Most Muslims who are Sunni reject Shi’ites version of what happened after the Prophet’s death and dispute Ali’s claims and his family’s right to caliphate as believed by the Shi’ites. For this reason, the Sunni Iranians, totaling around seven million—do not practice Muharram as do the Shi’ite majority.
The evolution of Shi ‘ism into a definite set of ideas and doctrines gradually took place from the eight century onwards. The sixth imam, Jaffar al-Sadiq (765AD), is the first widely recognized leader of Shi ‘ism in Iran and the source of many authoritative traditions.
In the ninth century a Shi’ite sect called Zaydi became dominant and their principalities in the northern provinces strengthened Shi’ism. By the tenth and the eleventh centuries the pro-Shi’ite Buyid dynasty ruled most of Iran and the Fertile Crescent.
They promoted the doctrine of “Twelver Shi’i”, currently the official religion of the country. In 936, Mu ‘izz al-Dawla, the Buyid king who captured Baghdad, instituted the first public ceremony on record commemorating Husayn’s death. In 1501 Shi’ism was made the state religion of the country by the Safavid kings. It was at this time that an organized religious hierarchy came into being.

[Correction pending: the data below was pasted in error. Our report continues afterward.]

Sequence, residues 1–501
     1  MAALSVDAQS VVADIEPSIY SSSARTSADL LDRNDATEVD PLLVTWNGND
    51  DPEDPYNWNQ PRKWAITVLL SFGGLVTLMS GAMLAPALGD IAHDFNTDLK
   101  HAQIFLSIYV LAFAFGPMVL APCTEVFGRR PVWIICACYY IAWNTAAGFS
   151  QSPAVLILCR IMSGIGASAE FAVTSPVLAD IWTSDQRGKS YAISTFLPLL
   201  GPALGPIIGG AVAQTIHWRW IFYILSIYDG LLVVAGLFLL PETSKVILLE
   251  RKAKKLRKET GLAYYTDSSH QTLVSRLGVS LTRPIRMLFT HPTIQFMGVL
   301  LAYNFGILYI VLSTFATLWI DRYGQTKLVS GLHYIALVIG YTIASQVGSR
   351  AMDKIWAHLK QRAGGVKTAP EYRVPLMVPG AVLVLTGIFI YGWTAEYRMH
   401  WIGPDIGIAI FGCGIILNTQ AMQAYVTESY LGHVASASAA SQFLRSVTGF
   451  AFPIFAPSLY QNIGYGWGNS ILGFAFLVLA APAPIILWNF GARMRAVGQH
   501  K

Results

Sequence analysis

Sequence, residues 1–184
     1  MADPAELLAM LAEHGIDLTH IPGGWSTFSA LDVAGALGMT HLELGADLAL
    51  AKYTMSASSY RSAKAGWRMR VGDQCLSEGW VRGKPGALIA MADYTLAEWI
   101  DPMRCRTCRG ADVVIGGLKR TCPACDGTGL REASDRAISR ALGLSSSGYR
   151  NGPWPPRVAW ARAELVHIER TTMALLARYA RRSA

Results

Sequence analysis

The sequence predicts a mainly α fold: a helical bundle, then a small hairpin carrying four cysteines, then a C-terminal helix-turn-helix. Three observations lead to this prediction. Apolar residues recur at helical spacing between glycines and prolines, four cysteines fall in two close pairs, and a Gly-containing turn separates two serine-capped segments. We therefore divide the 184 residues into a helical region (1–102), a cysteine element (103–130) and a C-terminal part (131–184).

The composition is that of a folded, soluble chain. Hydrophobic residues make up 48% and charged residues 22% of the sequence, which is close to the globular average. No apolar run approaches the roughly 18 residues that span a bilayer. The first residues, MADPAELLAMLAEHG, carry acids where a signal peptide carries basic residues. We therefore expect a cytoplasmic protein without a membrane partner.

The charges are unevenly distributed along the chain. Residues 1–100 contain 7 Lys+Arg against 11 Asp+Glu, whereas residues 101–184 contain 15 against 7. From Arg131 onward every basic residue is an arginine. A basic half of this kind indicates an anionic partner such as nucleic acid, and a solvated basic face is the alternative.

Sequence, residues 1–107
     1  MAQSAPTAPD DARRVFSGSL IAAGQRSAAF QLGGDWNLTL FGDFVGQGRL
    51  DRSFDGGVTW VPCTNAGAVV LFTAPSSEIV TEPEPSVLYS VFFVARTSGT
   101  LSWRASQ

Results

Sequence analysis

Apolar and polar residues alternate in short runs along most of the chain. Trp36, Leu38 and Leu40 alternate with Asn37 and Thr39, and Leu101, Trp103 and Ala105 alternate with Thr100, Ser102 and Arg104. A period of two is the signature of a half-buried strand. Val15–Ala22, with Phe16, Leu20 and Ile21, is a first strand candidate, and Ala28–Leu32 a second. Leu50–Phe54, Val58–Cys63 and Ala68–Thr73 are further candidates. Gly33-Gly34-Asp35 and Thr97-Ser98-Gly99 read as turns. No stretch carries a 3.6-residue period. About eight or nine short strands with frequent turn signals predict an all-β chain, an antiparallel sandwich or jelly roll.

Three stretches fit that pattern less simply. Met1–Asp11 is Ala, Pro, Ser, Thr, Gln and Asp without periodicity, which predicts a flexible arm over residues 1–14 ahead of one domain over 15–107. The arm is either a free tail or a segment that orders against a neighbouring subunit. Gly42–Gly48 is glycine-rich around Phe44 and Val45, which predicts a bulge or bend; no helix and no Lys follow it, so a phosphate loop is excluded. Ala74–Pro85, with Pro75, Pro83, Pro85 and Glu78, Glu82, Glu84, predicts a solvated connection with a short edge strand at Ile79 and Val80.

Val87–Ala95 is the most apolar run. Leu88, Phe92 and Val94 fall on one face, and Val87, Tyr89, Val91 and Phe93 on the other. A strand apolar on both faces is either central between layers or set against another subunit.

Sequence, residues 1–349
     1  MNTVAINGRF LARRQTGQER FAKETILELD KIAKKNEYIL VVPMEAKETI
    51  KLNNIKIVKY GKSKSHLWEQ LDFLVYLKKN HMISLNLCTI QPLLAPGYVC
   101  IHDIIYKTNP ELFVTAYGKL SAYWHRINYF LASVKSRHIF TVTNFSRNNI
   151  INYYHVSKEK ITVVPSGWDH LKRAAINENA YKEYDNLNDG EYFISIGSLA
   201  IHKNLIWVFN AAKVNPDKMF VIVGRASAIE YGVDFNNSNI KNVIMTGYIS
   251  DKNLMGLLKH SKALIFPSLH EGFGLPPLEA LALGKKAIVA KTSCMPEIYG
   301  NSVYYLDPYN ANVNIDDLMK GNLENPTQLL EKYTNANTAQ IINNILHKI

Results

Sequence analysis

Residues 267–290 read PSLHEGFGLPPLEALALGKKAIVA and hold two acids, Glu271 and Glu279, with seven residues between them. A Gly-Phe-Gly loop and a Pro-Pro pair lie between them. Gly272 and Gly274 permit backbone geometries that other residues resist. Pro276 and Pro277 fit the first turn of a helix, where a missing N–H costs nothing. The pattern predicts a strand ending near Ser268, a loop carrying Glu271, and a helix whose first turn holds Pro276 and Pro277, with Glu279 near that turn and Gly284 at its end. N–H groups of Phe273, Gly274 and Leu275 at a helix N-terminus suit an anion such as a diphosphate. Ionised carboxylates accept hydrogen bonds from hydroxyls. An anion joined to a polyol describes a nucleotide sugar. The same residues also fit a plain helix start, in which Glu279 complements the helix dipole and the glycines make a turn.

Safavid originally had been a Sunni mystical sect but gradually had assimilated into a messianic version of Shi’ism. Their leaders claimed descent from the seventh imam and some, like Shah Tahmasp, claimed to be divinities themselves. They became vicars of the twelfth imam and reigned as "God’s Shadow on Earth." Their messianic character of mobilizing masses into hysteria and forming political groups has remained until present. The first leaders, like Shah Ismail, knew very little about the orthodox traditions they were promoting and had very few resources. They imported many symbols and books from Anatolia and Lebanon and created their own doctrine. They copied some of their ceremonies like beating with chains from Christian sects including the Catholics. Passion plays started in the seventeenth century and became increasingly popular in the eighteenth and nineteenth centuries. During the Pahlavi period restrictions were imposed on performances and since the Islamic revolution they are booming again.